FOXBORO – Standing on a platform just to the left of the concourse to lead up to section 225 at Gillette Stadium, Bob Almeida and his captains were surrounded by the rest of the team, cheerleaders, supporters and screaming fans.
The fans were screaming because the words "The Division 6 Super Bowl of Stoneham" were uttered over the microphone by the MIAA Tournament Director, who then proceeded to hand the state championship trophy off to Stoneham High AD Dave Pignone. He held it for a few seconds in celebration and then handed it off to Almeida. He showed off the trophy to the large crowd and did so sporting that special gleam in his eyes, while trying not to get too emotional and overwhelmed by the moment. However, it was a moment that he has waited for all of his coaching life.
“It's a lifetime accomplishment and for these men, seeing what they have done for the town of Stoneham, our school and our community,” he said trying to hold back his emotions. “This is just beyond belief. I am so happy for every single one of these kids. They did it. I'm just so happy for all of the coaches and players. Just a heroic performance.”
Right after the team's captains took turns with the trophy and just before he answered that question, Almeida made sure that he kept up a tradition which started back when he was the head coach at Wilmington High School.
You know, the song.
“Hey, hey baby. I want to know if you'll be my girl. Hey, hey baby. I want to know if you'll be my girl.”
Almeida — who has belted out those lyrics over a hundred times during his 12-year tenure at WHS — led the entire frantic crowd to sing those words. The townspeople who weren't at the game certainly heard the song all the way back in Stoneham.
The song never gets old does it, coach?
“Nooooo, it doesn't, baby,” said Almeida with a raspy voice, and the biggest smile. “Thank (longtime WHS Band Director) Barbara Mette for that one.”
The 26-20 come from behind win over Old Rochester on Saturday afternoon was the first state championship title for Stoneham and the first for Almeida. The last three years, the Spartans had inched closer and closer, but fell in the Division 4 state semi-finals to Holliston in 2015, the Division 3A North Final to St. Mary's in 2016, and then in the state semi-final to Middleboro in last year's D6 state semi-final game.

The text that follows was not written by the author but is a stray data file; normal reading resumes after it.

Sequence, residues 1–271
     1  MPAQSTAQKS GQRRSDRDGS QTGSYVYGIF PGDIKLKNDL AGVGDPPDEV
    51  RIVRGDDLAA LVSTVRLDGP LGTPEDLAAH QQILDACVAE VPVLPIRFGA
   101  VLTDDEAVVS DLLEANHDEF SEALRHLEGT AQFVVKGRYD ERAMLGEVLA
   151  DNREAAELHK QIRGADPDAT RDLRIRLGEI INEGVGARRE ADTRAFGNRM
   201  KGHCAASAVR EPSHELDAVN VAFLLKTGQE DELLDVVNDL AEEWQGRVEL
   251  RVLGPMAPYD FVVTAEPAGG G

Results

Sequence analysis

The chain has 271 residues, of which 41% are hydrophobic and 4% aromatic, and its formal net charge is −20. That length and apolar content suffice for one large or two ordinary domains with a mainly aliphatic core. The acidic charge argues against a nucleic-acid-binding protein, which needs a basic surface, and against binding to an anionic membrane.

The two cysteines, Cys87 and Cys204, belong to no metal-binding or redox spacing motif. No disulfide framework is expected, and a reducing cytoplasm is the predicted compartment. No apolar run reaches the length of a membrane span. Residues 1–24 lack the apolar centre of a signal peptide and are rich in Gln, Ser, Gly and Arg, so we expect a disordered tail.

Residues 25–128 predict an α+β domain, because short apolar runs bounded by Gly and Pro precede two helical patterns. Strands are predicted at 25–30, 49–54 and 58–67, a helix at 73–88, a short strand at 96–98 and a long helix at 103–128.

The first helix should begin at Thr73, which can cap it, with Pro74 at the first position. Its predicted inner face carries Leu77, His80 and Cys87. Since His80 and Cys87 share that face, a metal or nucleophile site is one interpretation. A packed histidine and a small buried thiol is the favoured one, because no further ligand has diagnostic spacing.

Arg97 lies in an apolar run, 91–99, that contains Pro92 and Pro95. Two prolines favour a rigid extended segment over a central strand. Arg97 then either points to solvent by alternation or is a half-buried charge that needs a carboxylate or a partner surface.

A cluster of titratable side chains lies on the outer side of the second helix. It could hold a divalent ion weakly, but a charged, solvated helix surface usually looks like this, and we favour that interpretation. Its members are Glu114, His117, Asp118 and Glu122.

“I think we hit the pinnacle,” he answered.
Certainly he and the Stoneham program has.
Almeida came to Stoneham in 2011 as an offensive co-ordinator under Pignone. The Spartans entered that season with 31 straight losses. Being a part of resurrecting programs was nothing new for Almeida.
At Wilmington, he took over a program that had gone 31-87-3 from 1984 to 1995, and from 1996 to 2007, he finished with a career record of 103-29-1. In his tenure the Wildcats won five league titles — one solo and four shared — enjoyed many magical seasons, in particular 1996 which finished 9-2 and 2004 when the team finished undefeated before losing in the playoffs, the program's first appearance at the time since 1976. He also is second all-time in wins, trailing the late Hall of Famer Fred Bellissimo.
After leaving Wilmington, he spent three years at Malden Catholic an he inherited a program that had five straight losing seasons and had one winning season from 1998 to 2007. Almeida guided the team to 6-5 records in both the 2008 and '10 seasons, finishing 16-17 overall before he headed to Stoneham.
Now in his 25th year as head coach and 34th year as a coach, Almeida has a career record of 176-99-1, with stops at Somerville, Wilmington, MC and Stoneham, as well as stints as an assistant coach at Brookline, Somerville, Beverly, Belmont and the one-year with Stoneham.
A year after being the OC at Stoneham, Almeida was named the head coach, and a year after that in 2013, he guided the team to the playoffs, losing in the first round to Lynnfield in the Division 4 North sectional tournament.
After missing out on post-season in 2014, the Spartans have then rolled to those three deep state tournament runs, before hitting the grand slam on the fourth year, Saturday's win, which easily could have been a loss.
Trailing 20-18 with less than five minutes to go, the Spartans were driving but had turned the ball over on a fumble, giving Old Rochester the chance to basically run out of the clock. Instead on the next play from scrimmage, Stoneham's Chris Belliveau forced a fumble, giving Stoneham the ball back and immediately RB Christos Argyropoulos (19 carries for 113 yards) took advantage rushing in a score from 42 yards out coming with 3:21 left. That ultimately gave Stoneham the title.
“There were so many highs and lows in that game, it was incredible,” said Almeida. “It was an incredible game, either team could’ve won. I’m absolutely elated. It’s just the greatest feeling in the world.”